The Court will not address every specific allegation plaintiff makes to support her retaliatory animus claim; suffice to say, none of her examples are supported by the record. For example, plaintiff claims that (1) she was given inadequate time during her Physiology II review session (Pl. Dep. 89 ("I was not given the same opportunities like the other students were given.")); (2) the CSC recommended that plaintiff's Physiology II instructor offer her a second Physiology II make-up exam, but she was never given it (Pl. Dep. 90); and (3) the Geriatrics exam, the failure of which led to her dismissal, was "full with errors." (Pl. Exh. 8, Letter from Plaintiff to Maurice E. Wright, dated Sept. 11, 2003.) But plaintiff has presented no evidence that defendant's motivation with respect to any of these situations was retaliatory, nor are the alleged facts indicative of pretext. Plaintiff received the same final exam in Geriatrics as every other student; even if the test was deficient, every student was required to take the same exam. (Pl. Dep. 254.) Moreover, plaintiff received the same amount of time in her Physiology II review as the other students who failed the exam, and more than the amount of time recommended by the CSC. (Def. Exh. M.) Finally, the Program leaves it to the instructor's discretion whether to administer a second make-up exam, which the Physiology II instructor declined to do because she felt plaintiff "had sufficient opportunity to achieve mastery of the Physiology II subject matter at the time of the final examination and subsequent make-up examination."*fn25 (Garvey Aff. ¶ 14.)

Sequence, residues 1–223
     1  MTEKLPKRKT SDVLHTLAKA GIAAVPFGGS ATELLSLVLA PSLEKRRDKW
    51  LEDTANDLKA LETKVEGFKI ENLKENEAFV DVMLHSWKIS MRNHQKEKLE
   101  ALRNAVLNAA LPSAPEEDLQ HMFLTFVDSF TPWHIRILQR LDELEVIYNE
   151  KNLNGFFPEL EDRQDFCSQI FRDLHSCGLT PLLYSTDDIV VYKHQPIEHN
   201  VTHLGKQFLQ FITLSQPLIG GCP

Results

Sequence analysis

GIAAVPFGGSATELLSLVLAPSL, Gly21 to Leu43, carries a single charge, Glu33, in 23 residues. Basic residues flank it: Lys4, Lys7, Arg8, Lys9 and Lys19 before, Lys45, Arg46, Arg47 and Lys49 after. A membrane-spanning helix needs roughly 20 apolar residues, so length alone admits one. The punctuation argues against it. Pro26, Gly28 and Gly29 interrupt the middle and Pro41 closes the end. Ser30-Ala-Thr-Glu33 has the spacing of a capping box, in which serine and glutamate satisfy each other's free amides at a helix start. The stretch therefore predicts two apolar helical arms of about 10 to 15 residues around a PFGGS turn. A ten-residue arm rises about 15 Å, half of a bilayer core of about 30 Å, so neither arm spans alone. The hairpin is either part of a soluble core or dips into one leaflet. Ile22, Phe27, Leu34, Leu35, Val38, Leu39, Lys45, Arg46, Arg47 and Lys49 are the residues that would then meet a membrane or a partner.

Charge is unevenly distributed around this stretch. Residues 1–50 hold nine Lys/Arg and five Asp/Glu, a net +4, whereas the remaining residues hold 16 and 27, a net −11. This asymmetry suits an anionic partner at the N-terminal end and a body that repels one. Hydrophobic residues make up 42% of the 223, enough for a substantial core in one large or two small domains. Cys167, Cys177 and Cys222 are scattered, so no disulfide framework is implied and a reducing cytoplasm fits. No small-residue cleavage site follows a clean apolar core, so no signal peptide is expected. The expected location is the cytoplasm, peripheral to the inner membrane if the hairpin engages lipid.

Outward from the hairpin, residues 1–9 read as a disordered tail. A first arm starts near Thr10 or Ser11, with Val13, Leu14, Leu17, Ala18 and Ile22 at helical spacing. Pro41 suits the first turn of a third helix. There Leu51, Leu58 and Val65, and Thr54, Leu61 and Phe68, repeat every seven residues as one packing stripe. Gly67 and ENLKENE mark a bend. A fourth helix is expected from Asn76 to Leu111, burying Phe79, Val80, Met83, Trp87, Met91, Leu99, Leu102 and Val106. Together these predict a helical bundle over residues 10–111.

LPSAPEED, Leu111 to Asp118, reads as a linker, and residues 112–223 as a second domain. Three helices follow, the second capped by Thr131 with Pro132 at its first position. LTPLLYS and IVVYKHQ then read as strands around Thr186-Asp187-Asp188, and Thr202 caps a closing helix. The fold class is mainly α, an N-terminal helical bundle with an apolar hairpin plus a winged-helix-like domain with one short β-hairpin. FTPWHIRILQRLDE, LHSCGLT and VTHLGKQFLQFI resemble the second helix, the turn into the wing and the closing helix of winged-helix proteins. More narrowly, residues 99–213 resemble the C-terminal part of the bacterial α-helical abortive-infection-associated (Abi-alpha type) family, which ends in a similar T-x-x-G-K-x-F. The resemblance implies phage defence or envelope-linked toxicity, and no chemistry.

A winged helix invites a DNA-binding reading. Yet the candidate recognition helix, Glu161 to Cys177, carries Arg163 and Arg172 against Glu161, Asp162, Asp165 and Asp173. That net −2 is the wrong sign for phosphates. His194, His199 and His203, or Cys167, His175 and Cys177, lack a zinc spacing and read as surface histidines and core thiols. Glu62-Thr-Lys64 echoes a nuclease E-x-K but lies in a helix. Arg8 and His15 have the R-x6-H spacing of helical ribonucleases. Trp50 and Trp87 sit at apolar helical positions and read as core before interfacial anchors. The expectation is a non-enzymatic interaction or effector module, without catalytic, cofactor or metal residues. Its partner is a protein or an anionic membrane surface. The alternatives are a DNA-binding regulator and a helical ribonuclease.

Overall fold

Plaintiff also alleges that retaliatory animus can be inferred from her dismissal because other students who also failed Geriatrics and other courses were mysteriously "passed" by the Program. (Pl. Aff. ¶¶ 86-87, 89-91, 93-96, 98-99.) For example, plaintiff claims that one student received a grade lower than she on the Geriatrics exam, but he passed while plaintiff failed. (Id. ¶ 60.) However, plaintiff has presented no supporting evidence for her allegation that other students were "passed" by the Program despite failing a course -- her allegations are merely unsubstantiated hearsay.*fn26

There is only one event in the record for which defendant has not offered a legitimate, substantiated explanation -- plaintiff's unexplained involuntary withdrawal from the Program on June 12, 2003. On that date, the Program "processed" plaintiff as withdrawn and dropped her from the rolls, even though plaintiff claims that she did not withdraw from the Program. (Pl. Aff. ¶¶ 42-43.) (See Llewellyn Dep. 93 (claiming "[n]o explanation" for plaintiff's June 12 withdrawal).) Plaintiff argues that "[t]he conclusion is inescapable that Mr. Llewellyn verbally directed the office that I be dropped from the Program." (Pl. Aff. ¶ 46.) (Compare id., with Llewellyn Dep. 87-90 (stating that Dean Llewellyn himself investigated plaintiff's withdrawal but did not discover the reason for it).) But regardless of defendant's failure to adequately explain the June 12 event, no retaliatory animus can reasonably be inferred from it. Plaintiff's "withdrawal" occurred on paper only -- plaintiff was not actually dismissed in June. Instead, plaintiff was allowed to enroll in classes during the Summer 2003 semester, and her name appears on the final grading sheets for that semester. (Pl. Exh. 5.) She was not in fact dismissed from the Program until after she failed another course.